But first, the inconsistencies. If god did what it is said to have done, then men and women would have the same number of ribs. First, god removes the rib from Adam, so now Adam has a reduced number of ribs. Then god uses this rib to create Eve more or less like Adam but with some obvious differences (viva la difference, and all that). So Eve is like a transgender clone. Thus, since she is a clone of the the partially de-boned Adam, she then would also would be short-ribbed. The second inconsistency is that, as you must have figured out by now, the idea that men would have fewer ribs than women is Lamarkian. Adam would still contain the genetic code for that rib. So the only short-ribbed man is Adam himself, which is how we will recognize his skeleton once it is located by archaeologists.. (These inconsistencies are of course inconsistent with each other, keeping with a long-practiced tradition of biblical scholarship, I suppose.)

But the rib is still interesting, and here I fully admit I’m going way out on a limb… In hunter-gatherer societies, most animals that are obtained through hunting go through a process called “distribution and redistribution.” This involves butchery of the animal into certain parts, these parts posessed by selected individuals who had a certain role in the hunt, then those parts are passed on one more time, usually to the resident women, who cut the meat up and redistribute it on the basis of need. This is a very common pattern found as far as I know in all groups. Also found in all hunter-gatherer groups is a specific pattern of butchery, whereby there is a certain piece of the animal, including mainly lumbar vertebrae and the meat along side it, that has a special role in this system. This is the piece that goes to the individual who had the most critical role in the hunt. Often this piece includes Adam’s rib, the last, or lowermost rib.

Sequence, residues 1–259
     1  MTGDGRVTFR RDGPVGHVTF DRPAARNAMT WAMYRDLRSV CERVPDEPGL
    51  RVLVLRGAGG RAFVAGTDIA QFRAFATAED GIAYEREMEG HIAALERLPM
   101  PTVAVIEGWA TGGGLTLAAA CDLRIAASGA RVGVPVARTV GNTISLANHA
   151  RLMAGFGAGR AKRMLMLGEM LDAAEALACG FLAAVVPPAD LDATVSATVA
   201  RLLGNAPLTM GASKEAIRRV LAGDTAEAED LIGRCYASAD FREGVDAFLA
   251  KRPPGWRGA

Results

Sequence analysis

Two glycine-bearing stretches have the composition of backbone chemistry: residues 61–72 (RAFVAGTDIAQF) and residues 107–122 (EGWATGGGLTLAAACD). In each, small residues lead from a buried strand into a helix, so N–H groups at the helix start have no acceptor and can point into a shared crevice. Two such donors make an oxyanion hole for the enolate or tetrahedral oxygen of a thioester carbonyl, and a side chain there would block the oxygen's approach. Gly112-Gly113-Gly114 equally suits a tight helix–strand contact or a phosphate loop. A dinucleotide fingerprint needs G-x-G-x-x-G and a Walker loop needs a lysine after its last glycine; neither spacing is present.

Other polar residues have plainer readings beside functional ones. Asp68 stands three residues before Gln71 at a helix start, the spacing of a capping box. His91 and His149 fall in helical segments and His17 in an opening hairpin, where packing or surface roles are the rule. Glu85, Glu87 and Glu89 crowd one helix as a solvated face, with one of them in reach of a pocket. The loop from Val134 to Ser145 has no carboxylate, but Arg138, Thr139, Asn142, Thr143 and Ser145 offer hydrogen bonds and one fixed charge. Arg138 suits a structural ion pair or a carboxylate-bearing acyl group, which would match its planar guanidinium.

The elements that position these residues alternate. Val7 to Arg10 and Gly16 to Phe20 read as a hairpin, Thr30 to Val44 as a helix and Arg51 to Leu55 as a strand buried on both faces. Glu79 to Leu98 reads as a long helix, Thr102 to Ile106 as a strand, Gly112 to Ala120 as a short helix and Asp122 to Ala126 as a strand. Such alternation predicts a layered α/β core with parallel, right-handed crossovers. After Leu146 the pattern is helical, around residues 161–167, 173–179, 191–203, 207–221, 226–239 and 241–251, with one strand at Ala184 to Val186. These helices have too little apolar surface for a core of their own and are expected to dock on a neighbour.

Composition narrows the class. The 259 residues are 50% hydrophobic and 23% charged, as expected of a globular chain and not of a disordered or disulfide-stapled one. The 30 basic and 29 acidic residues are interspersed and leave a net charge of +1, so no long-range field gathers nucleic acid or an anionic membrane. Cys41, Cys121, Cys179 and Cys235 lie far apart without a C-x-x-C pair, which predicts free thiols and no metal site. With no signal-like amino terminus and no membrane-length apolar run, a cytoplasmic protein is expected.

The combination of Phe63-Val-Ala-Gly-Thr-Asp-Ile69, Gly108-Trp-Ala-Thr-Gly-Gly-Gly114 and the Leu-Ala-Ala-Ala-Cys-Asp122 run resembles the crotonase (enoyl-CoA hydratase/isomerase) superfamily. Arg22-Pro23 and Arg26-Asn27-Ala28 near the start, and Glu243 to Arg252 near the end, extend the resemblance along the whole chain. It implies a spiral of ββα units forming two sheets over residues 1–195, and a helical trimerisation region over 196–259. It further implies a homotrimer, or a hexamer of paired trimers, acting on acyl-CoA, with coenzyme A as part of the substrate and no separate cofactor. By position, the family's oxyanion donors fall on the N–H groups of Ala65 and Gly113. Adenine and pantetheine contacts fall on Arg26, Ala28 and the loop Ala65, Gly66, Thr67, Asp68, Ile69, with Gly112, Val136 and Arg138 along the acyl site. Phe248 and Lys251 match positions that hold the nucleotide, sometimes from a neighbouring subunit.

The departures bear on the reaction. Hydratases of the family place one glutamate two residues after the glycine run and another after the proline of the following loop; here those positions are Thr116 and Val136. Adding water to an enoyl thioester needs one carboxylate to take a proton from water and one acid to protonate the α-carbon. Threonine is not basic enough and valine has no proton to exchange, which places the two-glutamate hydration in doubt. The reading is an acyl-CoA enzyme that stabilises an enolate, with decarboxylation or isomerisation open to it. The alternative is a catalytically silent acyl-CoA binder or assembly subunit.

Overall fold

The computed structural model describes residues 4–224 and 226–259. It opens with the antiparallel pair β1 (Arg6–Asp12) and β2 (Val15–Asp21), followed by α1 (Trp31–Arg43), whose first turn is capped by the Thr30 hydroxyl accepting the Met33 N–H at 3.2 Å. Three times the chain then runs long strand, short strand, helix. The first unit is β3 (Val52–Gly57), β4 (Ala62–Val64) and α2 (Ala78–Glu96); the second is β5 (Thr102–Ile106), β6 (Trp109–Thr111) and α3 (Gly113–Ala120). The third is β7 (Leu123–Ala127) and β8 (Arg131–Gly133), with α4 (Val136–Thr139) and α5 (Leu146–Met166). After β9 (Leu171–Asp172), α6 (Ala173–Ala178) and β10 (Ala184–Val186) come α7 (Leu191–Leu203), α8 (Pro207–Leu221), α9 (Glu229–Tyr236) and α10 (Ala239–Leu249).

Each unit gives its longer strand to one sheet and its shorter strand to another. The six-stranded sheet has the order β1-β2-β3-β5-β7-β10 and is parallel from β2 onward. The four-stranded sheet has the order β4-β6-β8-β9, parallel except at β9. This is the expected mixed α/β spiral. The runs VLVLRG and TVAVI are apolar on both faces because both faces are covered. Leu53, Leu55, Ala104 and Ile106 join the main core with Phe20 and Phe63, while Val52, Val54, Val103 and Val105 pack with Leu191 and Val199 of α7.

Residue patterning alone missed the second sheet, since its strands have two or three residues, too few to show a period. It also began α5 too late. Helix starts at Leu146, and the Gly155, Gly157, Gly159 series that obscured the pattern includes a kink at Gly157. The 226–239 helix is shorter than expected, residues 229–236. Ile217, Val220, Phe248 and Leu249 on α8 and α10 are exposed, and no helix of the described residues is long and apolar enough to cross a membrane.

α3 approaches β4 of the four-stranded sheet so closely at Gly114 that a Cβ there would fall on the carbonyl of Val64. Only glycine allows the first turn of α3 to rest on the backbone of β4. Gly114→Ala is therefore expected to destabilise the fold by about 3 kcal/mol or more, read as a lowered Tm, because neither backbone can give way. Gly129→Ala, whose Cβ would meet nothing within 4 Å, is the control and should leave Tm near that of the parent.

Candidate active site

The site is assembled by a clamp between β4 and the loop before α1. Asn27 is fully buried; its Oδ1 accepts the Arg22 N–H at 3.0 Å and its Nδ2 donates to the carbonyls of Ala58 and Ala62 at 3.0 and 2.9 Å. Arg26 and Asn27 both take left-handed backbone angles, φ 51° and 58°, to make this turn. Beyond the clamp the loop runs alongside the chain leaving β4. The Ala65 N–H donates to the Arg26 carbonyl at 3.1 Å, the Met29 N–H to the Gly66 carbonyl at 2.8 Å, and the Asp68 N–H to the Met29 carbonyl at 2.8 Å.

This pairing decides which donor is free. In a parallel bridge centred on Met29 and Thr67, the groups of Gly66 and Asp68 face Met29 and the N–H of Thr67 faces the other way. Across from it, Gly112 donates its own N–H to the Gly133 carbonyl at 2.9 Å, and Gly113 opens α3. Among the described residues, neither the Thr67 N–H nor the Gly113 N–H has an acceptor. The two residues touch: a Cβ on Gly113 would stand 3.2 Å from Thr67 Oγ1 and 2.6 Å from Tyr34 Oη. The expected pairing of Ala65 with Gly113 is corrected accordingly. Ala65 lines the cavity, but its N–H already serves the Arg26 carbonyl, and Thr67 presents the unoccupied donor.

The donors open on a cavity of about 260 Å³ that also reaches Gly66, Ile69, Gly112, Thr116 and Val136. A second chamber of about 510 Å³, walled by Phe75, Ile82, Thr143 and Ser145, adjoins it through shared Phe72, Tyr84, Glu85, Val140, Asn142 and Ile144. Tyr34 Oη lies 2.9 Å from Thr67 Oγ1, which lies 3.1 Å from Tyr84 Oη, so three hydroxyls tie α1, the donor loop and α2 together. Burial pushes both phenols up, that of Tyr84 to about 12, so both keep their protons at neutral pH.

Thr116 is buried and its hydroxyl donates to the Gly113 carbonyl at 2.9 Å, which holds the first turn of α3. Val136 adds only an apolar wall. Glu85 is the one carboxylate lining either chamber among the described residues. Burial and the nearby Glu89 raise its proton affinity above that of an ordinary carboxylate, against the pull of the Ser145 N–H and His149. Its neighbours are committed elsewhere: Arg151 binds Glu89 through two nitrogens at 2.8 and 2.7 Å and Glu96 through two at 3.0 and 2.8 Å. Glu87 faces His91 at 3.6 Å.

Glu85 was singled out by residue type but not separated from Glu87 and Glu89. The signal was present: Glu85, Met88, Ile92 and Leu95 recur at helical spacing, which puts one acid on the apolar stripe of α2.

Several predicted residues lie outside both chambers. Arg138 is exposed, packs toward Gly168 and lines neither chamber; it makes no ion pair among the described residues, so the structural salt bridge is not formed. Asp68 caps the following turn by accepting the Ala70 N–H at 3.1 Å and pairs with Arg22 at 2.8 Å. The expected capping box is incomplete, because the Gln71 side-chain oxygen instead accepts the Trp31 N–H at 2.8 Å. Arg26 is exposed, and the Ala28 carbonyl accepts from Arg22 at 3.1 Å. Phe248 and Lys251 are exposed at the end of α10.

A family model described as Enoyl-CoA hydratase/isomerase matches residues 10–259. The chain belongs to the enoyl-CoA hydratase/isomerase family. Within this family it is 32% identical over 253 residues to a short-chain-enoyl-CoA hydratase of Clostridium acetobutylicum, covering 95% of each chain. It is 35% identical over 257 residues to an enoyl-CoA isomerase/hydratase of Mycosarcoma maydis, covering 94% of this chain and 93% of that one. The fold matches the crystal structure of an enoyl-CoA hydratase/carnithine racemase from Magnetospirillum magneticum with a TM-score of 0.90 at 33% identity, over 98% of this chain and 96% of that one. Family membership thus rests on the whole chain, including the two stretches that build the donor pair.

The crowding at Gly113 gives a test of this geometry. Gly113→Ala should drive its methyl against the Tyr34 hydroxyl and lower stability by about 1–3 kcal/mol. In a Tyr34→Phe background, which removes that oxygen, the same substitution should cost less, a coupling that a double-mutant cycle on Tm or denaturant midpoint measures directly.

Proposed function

A “side” (actually, middle, or piece) of meat with Adam’s rib thus plays a special role in forager lifeways. The bible is about non-foragers, but this is the origin story. Perhaps Eve is not made from Adam’s rib, but rather, Adam’s rib (the “side of beef” including this rib) is used to induce an interest by “Eve” in Adam, or (shall we get Freudian???) the slayer of Adam. The cloning of Eve is actually the wooing of Eve. Which, eventually, will lead to sex.